Red and yellow peppers wrapped in non-recyclable plastic

6 pieces of food packaging to avoid

Reducing the amount of plastic we use can feel like an overwhelming task, so start with the six pieces of food packaging that will make a difference.

In the UK, almost half of all our plastic packaging comes from the grocery retail sector – in other words, food packaging. 

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To help reduce the 30kg of plastic that every one of us throws away each year, cutting the amount of food packaging we use is a great place to start.

But where exactly do you start? Here are six kinds of food packaging that you can try to avoid right away.

1. Plastic water bottles

In ‘Disappointing But Not Surprising’ news, plastic bottles are now the third most common item of rubbish found in the world’s oceans, closely followed by plastic bottle caps. Switching to reusable bottles that can be refilled – apps like Refill or Tap show you where to top up if you’re out and about – can help cut the 594,000 tonnes of plastic bottles that we throw away annually. 

Related content:
Read our review of the best resuable water bottles.

Pile of black plastic packaging including pudding pots and trays

2. Black plastic food trays

When plastic gets recycled, sorting machines use infrared lasers to identify what type of plastic it is. However, black plastic is difficult for the lasers to identify, so it generally ends up not being recycled. A new type of black plastic is being rolled out that can be picked up by infrared, but check if your local council can process it before putting any black plastic, such as takeaway sushi trays, into your recycling bin.

3. Individually wrapped fruit and vegetables

Greenpeace recently highlighted the ridiculous rise of individually wrapped produce; supporters sent in images of oranges, bananas and even coconuts wrapped in plastic! There is an argument that plastic wrapping reduces food waste – cucumbers stay fresh for 15 days rather than five, for example – but buying loose fruit and veg, switching to a veg box delivery service, and asking your supermarket what they’re doing to comply with the UK Plastics Pact can help stop the practice of unnecessarily wrapping your five-a-day.

White plastic food pouches with plastic screw lids

4. Food pouches

Whether you’re feeding a hungry baby on the go, or treating your cat to a fancy dinner, food and drink pouches have become a staple in our shopping baskets. The problem is, these pouches are incredibly hard to recycle; they’re made out of several different layers that need to be separated before being recycled. The result? Billions end up in landfill every year. Most local councils don’t recycle them, but some pouches can now be collected and recycled by a company called TerraCycle.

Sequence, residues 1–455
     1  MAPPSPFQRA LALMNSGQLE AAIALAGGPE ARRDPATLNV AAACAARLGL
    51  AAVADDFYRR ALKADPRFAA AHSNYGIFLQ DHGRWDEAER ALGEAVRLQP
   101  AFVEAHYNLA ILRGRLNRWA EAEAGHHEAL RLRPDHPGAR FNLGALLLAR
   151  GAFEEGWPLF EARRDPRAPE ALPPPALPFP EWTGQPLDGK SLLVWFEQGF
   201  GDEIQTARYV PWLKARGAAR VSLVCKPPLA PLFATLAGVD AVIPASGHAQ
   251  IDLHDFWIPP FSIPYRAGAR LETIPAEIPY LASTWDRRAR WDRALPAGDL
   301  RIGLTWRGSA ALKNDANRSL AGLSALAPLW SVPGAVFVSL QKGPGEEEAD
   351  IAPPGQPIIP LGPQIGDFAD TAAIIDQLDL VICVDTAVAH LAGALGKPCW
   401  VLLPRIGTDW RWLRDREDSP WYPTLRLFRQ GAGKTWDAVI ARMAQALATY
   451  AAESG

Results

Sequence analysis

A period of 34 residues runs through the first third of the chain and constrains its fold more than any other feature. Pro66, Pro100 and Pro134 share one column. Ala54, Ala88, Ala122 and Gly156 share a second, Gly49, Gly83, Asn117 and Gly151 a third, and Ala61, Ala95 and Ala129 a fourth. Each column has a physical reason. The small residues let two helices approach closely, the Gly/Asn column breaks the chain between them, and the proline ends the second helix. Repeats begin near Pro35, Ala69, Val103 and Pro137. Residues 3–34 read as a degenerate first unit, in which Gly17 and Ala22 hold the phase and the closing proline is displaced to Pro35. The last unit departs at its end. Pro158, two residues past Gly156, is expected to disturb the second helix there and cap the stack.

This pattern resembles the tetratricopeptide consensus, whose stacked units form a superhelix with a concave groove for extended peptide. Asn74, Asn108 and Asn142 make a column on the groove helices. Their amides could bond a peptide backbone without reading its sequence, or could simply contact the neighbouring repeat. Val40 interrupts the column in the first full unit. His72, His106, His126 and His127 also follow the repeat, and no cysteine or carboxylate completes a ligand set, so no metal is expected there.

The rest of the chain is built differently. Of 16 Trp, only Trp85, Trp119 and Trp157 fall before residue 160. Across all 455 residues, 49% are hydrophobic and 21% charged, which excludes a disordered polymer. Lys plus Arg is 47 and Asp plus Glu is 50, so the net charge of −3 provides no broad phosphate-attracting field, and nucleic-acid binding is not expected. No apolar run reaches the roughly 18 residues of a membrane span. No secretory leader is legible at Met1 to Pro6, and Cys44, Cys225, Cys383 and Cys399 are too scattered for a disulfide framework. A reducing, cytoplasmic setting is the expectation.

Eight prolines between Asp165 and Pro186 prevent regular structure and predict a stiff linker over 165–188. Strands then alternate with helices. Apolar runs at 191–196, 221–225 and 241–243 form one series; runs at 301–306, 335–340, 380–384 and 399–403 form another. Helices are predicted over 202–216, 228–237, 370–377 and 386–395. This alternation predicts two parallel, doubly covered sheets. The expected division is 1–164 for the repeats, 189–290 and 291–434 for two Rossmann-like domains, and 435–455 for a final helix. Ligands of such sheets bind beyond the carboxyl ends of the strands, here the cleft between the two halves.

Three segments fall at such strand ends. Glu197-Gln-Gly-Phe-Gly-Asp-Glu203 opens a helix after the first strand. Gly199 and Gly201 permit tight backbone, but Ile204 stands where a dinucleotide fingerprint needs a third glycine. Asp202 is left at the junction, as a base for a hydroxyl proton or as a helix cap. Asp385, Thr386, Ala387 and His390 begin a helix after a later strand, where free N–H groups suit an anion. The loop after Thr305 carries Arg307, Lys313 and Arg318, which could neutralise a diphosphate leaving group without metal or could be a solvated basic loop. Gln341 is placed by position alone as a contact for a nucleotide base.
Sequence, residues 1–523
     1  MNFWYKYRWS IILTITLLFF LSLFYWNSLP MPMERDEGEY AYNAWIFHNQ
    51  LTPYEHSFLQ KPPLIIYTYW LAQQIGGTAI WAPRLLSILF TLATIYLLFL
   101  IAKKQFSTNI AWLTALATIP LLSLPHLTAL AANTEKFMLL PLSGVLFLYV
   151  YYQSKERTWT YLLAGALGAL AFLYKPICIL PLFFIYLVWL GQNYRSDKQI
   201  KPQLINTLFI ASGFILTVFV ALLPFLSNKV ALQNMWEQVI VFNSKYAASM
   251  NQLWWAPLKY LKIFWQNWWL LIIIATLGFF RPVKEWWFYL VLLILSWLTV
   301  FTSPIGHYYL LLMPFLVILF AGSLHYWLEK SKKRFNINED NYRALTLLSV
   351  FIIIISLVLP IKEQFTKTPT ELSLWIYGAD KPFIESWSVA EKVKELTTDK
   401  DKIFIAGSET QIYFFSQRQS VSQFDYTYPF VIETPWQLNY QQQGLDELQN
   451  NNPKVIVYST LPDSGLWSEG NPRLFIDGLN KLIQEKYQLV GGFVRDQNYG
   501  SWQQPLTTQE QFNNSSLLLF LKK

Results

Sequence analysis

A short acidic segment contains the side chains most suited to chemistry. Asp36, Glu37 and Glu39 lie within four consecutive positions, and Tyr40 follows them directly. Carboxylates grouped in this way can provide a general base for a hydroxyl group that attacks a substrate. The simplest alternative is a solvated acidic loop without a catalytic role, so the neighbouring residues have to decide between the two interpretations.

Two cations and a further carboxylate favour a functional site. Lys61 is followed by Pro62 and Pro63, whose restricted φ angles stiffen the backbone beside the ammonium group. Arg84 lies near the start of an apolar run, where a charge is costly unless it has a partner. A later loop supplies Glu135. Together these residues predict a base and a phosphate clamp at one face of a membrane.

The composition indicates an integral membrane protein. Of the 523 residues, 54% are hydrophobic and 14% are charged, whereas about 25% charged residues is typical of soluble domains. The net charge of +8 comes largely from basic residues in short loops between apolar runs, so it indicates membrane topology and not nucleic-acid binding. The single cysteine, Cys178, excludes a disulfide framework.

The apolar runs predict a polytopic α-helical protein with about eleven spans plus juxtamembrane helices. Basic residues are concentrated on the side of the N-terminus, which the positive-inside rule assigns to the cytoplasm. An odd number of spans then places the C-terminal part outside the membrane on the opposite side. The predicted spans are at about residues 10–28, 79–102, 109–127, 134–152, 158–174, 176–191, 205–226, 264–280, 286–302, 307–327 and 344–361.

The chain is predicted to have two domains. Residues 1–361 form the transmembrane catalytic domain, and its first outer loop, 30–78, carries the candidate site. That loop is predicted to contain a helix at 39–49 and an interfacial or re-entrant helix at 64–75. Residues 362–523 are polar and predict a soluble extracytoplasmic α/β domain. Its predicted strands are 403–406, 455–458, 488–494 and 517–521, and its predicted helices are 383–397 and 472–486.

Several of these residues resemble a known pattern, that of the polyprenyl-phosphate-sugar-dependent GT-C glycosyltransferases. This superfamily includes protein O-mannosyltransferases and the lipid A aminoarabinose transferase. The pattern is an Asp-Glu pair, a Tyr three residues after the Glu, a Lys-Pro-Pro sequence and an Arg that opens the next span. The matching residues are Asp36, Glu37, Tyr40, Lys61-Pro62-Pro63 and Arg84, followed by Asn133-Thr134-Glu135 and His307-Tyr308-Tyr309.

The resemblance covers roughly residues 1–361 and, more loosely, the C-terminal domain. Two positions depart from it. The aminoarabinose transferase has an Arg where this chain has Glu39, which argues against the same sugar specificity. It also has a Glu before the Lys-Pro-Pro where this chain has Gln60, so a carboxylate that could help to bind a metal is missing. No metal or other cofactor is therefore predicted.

5. Pizza boxes

Popping a pizza in the oven may be a cheaper option than ordering one via delivery, but the packaging is a different story. Many pizza bases are still made from polystyrene, which cannot be recycled, and if the cardboard box is contaminated with grease, it has to be thrown away or incinerated. Does the box have a clear film window? Check it can be removed from the cardboard and recycled. If not, the whole box may end up in landfill, even though both parts could’ve been recycled separately. 

6. Coffee pods and capsules

Coffee pods are considered a huge environmental hazard; 20 billion are now used worldwide and many end up in landfill where it can take 500 years for them to break down. Although some brands can be recycled, coffee drinkers have to drop them off at collection points or arrange for them to be collected – Nestlé admits only 27.8% of Nespresso capsules are currently recycled. Compostable coffee pods or refillable capsules are one answer, or you could stick to takeaway coffees to keep you fuelled up – just don’t forget your reusable cup if you do.

Related content: 
Read our review of the best reusable coffee cups.

More on packaging

10 ways to trash the plastic
10 tips for reducing your plastic waste
Reduce, reuse and recycle your plastic packaging
How to reduce food packaging waste
Recycling symbols explained

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Paul Allen is a former BBC environmental editor and a director at Lark. Find him on Twitter @larkingly